One of the mysteries of the English language finally explained.
1The fundamental unit of length in the metric system, equal to 100 centimeters or approximately 39.37 inches.‘sit two meters away from the TV screen’‘the wall was less than a meter high’
- 1.1— meters A race over a specified number of meters.‘he placed third in the 1,000 meters’
- 1.1— meters A race over a specified number of meters.
Late 18th century: from French mètre, from Greek metron ‘measure’.
1A device that measures and records the quantity, degree, or rate of something, especially the amount of electricity, gas, or water used.‘they read the meters once a month’
measuring instrument, measuring device, measure, gauge, dial, display, scale, indexView synonyms
- ‘A trifield meter measures the electromagnetic frequency in the space around it.’
- ‘A system can be specified in any of 144 combinations that use the company's instruments and meters.’
- ‘This new technology will enable residents to keep a check on their own electricity and water consumption and act as a record for the meter readings.’
- ‘Many of us realize and understand that spirits we encounter give off electrical impulses, this is why we so easily find them with EMF meters and such devices.’
- ‘They produce most of the energy at very low frequency, where a meter can only give a very approximate measurement.’
- ‘I am happy with my meter only being read once a year.’
- ‘Record the number that the meter reads (this is known as a reading).’
- ‘The isotope source gives off photons, usually Gamma rays, which radiate back to the meter's detectors on the bottom of the unit.’
- ‘Security comes from your electricity meter, the device that should stop anyone else from using your electricity without you knowing.’
- ‘During several of these dives, the scientists will deploy an instrument called a gravity meter to measure very tiny changes in the pull of gravity that hint at the nature of buried faults.’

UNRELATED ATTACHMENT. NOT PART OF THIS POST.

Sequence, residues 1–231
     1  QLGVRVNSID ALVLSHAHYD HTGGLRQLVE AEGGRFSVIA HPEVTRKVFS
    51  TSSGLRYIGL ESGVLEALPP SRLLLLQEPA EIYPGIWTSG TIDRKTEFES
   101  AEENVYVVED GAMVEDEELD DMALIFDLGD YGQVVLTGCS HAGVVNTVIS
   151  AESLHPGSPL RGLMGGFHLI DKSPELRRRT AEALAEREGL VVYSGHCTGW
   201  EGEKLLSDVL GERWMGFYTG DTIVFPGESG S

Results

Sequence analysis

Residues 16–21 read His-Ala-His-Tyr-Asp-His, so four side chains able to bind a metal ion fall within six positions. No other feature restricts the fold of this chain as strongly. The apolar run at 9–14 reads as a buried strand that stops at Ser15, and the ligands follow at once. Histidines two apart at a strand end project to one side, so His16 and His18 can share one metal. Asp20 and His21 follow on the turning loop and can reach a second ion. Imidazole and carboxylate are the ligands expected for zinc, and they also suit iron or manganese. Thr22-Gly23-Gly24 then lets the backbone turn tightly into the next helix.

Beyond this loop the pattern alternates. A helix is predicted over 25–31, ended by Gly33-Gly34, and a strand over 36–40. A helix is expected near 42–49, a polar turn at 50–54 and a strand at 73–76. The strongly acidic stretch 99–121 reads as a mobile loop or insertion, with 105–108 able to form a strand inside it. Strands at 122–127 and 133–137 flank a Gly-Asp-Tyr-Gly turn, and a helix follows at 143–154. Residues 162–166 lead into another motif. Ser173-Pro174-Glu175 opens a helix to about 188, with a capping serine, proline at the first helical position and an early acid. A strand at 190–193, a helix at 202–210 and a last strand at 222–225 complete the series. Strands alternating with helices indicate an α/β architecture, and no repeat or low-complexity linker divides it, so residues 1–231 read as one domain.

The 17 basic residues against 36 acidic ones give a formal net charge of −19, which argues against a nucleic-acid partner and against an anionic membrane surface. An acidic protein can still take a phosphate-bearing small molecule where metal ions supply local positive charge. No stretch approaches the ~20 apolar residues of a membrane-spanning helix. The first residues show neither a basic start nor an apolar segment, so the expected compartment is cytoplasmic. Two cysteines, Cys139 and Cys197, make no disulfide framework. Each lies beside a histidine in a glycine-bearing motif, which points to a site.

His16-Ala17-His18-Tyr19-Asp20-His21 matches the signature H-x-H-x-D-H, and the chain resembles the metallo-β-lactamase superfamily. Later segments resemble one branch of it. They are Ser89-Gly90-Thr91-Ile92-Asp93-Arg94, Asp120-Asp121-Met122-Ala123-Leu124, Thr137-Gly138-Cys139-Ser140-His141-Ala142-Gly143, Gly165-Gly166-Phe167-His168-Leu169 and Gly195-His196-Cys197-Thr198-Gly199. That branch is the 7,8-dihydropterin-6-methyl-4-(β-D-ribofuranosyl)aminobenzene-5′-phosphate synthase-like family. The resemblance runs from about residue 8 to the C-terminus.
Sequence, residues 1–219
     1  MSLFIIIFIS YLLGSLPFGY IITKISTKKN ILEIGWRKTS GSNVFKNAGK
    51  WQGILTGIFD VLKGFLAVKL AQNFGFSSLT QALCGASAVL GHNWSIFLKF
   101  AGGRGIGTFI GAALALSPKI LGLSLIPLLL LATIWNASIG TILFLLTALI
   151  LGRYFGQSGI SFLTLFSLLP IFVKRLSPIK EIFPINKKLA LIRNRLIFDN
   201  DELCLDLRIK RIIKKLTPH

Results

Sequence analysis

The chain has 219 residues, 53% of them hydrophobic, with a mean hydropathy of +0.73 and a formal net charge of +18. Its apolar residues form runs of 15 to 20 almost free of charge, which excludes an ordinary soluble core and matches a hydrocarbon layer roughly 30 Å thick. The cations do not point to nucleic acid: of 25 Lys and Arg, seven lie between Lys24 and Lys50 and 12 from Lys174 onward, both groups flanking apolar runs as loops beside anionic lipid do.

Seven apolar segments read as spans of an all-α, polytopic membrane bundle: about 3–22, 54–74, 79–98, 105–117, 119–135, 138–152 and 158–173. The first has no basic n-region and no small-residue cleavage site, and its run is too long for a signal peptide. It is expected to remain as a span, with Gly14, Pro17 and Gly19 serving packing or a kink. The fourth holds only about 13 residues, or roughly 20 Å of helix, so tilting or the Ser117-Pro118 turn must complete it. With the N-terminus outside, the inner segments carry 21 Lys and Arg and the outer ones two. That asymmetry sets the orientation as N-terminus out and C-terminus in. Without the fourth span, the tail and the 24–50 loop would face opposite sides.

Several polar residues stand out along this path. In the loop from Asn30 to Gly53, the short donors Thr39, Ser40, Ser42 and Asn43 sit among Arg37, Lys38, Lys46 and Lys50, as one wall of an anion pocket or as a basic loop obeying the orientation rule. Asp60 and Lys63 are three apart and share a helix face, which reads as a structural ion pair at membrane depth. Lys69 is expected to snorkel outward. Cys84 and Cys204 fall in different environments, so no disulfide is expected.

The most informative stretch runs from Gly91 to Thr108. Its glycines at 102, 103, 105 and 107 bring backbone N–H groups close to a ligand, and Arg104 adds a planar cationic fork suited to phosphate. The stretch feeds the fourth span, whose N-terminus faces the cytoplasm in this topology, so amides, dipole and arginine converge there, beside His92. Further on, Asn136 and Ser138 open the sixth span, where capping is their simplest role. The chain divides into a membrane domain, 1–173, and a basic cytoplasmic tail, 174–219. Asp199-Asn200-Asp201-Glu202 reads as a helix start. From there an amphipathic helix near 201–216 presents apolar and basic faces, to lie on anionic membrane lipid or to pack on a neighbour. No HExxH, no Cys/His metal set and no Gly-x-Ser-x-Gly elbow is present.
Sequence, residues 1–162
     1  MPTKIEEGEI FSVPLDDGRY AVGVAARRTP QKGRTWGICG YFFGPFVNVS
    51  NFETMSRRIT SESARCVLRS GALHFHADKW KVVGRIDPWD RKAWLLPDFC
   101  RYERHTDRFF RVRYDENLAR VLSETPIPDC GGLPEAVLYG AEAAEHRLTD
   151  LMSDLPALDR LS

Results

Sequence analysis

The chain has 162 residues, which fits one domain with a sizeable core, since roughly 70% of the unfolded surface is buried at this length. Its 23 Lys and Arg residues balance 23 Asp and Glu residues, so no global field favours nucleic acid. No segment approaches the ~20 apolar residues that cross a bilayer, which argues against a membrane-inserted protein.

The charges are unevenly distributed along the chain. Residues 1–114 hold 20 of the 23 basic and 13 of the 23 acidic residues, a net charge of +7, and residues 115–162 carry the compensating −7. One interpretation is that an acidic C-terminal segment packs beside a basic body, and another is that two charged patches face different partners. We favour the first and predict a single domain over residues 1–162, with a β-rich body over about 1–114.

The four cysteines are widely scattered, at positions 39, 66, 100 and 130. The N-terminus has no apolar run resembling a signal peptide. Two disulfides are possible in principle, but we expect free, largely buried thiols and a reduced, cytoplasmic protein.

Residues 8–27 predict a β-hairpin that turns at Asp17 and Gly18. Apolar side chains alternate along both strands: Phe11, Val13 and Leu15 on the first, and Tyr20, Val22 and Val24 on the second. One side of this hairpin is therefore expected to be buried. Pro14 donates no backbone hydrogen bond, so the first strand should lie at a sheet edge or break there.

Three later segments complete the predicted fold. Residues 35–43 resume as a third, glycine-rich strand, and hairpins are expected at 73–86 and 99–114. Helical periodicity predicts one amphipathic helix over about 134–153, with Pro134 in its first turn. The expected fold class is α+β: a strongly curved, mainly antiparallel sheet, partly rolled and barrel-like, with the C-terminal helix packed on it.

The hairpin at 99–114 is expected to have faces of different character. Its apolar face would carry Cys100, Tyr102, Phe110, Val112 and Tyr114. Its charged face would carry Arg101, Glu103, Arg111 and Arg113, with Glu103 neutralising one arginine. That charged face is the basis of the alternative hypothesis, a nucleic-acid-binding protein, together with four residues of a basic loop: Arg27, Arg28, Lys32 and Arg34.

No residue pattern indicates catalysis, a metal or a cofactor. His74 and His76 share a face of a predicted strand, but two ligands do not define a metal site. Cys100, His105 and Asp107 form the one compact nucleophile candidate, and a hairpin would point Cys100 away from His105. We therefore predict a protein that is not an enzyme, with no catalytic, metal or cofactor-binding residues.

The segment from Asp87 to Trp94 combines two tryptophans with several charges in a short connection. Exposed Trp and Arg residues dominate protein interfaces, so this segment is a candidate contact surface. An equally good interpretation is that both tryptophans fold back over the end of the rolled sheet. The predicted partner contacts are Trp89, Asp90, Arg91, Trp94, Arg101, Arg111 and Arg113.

- ‘If so, then the extra revenue will pay for the cost of gas, repairs, licenses and administrative fees - which have all increased since the meter rate was last set.’
- ‘One of the simplest lung function tests uses a peak-flow meter to measure the rate at which you expel air.’
- ‘The pub offers an all-night cellar vigil including the use of infra-red cameras, dousing rods, and a meter for measuring electro-magnetic fields for serious enthusiasts.’
- ‘Electro magnetic frequency meters will measure fluctuations in electromagnetic frequency, which could suggest a spirit is using the energy to manifest.’
- ‘Automated meter reading is no longer just a time-saving device to collect data for billing purposes.’
- ‘A better but more expensive measuring device is a laser meter.’
- ‘Details of meter numbers, past meter readings, billing information and names and addresses are all passed from one supplier to another by computer.’
- ‘OK, I'll just put you through to the electricity meter department so you can give them the reading.’
- ‘If you think your bill is inaccurate, read your meter, give the reading to your supplier, and ask for an amended bill.’
- ‘Error tolerance criteria were used to evaluate the accuracy of the glucose meter measurements.’
- 1.1Philately An imprint or label of specified value produced under government permit for the prepayment of postage.
Middle English (in the sense ‘person who measures’): from mete + -er. The current sense dates from the 19th century.
1The rhythm of a piece of poetry, determined by the number and length of feet in a line.‘the Horatian ode has an intricate governing meter’mass noun ‘unexpected changes of stress and meter’yardstick, test, standard, norm, barometer, touchstone, litmus test, criterion, benchmarkView synonyms
- 1.1 The basic pulse and rhythm of a piece of music.‘a dance song in fast quadratic meter’‘Prokofiev's complex meters’
- 1.1 The basic pulse and rhythm of a piece of music.
Old English, reinforced in Middle English by Old French metre, from Latin metrum, from Greek metron ‘measure’.
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